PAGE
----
Air Quality News reporter Pippa Neill talks to Sian Berry, Green candidate for Mayor of London and co-leader of the Green Party about why road pricing schemes are key to reducing air pollution.
Last week (November 18) Boris Johnson announced plans to bring forward the ban on the sale of petrol and diesel vehicles to 2030, a decade earlier than previously planned.
This arguably progressive policy is something that the Green Party have been campaigning for, for a number of years and, as Sian says ‘it’s definite progress’.
However, many campaign groups have argued that this was the most impressive part of an otherwise unimpressive plan.
‘The 10-Point Plan as a whole was extremely disappointing,’ says Sian.
‘The government has allocated just £3bn to this “green revolution” – this is way below what is needed, way below other countries and way below what has been allocated for defence.’
With a portion of this funding allocated towards improving public transport and cycling infrastructure, Sian argued that it is time that the government and local authorities rethink the systems that we have been using for the past few decades.
‘It’s traffic miles driven that actually have an impact on air pollution, not just where those cars are driven.
‘The congestion charge was a necessary measure at the time, but it is no longer fair to charge people once, no matter how many miles they drive.
‘The mayor of London inherited the congestion charge, it’s extremely old now, old enough to drive in fact.
‘It’s time to look at alternative measures like road pricing schemes which are intelligently adjustable, and that can respond to things like rush-hour while also stimulating home working and car-sharing.’
Road pricing schemes involve a system whereby drivers are issued a charge reflecting their car usage, with frequent drivers paying more than infrequent drivers. Campaigners in favour of these schemes argue that they are a much fairer way of reducing congestion than alterative area-based schemes like the existing congestion charge or clean air zones.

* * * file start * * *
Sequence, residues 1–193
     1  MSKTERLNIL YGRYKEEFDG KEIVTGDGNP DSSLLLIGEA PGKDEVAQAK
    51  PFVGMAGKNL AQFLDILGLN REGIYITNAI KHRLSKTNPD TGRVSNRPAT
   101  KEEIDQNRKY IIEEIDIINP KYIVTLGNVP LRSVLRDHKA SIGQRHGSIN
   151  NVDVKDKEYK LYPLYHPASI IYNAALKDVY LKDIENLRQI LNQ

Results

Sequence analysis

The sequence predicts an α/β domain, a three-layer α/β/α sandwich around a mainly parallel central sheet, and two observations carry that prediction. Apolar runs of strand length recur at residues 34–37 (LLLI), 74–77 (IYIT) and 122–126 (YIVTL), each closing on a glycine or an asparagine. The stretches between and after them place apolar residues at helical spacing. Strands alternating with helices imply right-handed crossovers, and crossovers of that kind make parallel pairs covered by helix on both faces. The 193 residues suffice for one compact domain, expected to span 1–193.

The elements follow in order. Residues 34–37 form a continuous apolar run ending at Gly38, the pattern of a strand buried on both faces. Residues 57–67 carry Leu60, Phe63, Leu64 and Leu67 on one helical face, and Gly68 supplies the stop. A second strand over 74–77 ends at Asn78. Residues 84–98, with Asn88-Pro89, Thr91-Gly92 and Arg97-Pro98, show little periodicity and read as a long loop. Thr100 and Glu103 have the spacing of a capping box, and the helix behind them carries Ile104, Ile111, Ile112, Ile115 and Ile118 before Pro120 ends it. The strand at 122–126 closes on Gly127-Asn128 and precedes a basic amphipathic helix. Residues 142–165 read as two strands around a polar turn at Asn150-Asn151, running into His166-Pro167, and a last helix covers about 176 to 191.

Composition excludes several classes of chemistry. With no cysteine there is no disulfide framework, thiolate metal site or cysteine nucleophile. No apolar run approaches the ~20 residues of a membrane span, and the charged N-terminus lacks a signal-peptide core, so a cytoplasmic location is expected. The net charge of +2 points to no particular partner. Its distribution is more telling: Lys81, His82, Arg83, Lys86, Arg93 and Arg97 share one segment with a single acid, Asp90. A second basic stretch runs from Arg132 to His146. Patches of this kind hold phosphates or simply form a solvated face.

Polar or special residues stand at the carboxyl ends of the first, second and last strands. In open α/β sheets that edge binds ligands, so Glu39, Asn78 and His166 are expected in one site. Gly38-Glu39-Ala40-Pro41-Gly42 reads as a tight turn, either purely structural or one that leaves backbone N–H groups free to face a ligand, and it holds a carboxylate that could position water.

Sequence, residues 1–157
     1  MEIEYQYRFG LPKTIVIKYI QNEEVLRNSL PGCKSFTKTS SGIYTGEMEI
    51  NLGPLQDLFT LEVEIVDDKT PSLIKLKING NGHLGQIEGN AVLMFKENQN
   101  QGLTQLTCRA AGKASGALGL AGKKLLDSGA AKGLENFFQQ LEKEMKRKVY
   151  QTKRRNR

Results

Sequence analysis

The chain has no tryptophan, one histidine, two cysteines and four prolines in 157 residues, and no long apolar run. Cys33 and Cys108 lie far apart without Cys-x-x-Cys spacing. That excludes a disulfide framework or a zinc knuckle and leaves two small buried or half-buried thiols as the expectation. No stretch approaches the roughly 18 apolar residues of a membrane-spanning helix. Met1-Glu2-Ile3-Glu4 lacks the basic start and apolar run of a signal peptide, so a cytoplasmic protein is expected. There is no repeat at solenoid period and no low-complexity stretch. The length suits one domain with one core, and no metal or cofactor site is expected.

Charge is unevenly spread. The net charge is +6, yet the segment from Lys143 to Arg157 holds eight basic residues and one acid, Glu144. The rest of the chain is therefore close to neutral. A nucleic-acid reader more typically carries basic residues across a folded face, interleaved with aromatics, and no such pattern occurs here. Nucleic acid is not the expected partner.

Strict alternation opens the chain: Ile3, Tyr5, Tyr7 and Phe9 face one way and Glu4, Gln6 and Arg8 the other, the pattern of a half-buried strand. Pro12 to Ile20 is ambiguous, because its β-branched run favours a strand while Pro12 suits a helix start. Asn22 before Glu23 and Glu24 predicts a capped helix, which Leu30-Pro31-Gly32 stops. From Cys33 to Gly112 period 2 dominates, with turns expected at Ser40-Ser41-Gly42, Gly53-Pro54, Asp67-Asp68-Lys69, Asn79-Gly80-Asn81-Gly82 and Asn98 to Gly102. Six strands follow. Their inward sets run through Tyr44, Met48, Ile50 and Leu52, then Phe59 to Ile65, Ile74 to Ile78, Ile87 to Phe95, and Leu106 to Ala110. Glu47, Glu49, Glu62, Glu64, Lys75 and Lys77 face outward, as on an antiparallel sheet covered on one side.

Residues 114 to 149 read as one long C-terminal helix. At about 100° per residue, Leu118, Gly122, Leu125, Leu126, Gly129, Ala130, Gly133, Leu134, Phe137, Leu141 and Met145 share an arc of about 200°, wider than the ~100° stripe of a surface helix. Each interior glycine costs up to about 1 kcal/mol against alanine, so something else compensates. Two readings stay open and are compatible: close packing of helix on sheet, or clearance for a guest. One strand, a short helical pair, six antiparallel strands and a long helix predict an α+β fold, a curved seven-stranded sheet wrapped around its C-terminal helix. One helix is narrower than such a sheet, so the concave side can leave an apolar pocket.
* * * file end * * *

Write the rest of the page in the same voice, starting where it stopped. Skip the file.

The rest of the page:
‘We need to be phasing in something smarter as soon as possible,’ adds Sian.
‘Otherwise, we will have the Conservatives on the other side of the Assembly complaining because someone whose doctors appointment is just inside the new zone will pay £15.
‘With an area-based scheme, there are always going to be occasions when it is deeply unfair on people and that will only create opposition – this is objectively wrong, especially when we could be doing something fairer.’
Until recently, Sian worked for Campaign for Better Transport, where she spent her career campaigning for better active travel and public transport infrastructure in smaller towns and cities.
‘It’s a bleak picture out there,’ she tells Air Quality News.
‘We have scope for a lot of journeys to be replaced with walking and cycling and for those that can’t be replaced, we need to have a comprehensive bus system.
‘However to achieve this we need subsidies, local councils who are responsible for transport are also responsible for subsiding the non-commercial transport, but austerity has absolutely decimated their ability to pay for these services.
‘Focusing on cars is defeatist and it traps people in car dependency. There are people who can’t drive for a number of reasons and they are stuck in a transport desert, that’s not right.’
In response to the pandemic, earlier this year the government introduced the emergency active travel fund, providing local councils with a budget to improve safe and active travel across the country. This funding has led to various improvements, from the widening of pavements to the introduction of temporary cycle lanes.
Across London, this funding has even been used to introduce low traffic neighbourhoods (LTNs), an initiative which involves diverting or removing ‘through’ traffic from residential streets. However, LTNs have faced a loud public backlash, with a number of residents signing petitions and even attending protests to express their anger against these schemes.
‘Whenever a change is made, people are always going nervous about it.
‘When it comes to low traffic neighbourhoods there are a small number of people who are very opinionated, but when you look at opinion polls they are overwhelmingly popular, the people who want them massively outnumber the people who are against them.
‘A lot of people are already changing their minds, they’re seeing the benefits of streets where children can play and they can breathe clean air and they are realising quite how much of the traffic going past their door was through-traffic that belongs on the main roads.
‘My feeling is that the heat there is around this issue will die down over time, especially when schemes are tweaked and improved where there are some problems.
‘But as well as this, it is essential that we introduce overall road charging schemes to reduce the number of cars of the roads, otherwise the people living on the main roads, which is where traffic belongs, won’t see any of the benefits.
‘We need to act now to reduce the overall level of traffic, so everyone in 2025 has a better environment to live in than they did in 2020, that’s the goal here.’
Photo Credit – Pixabay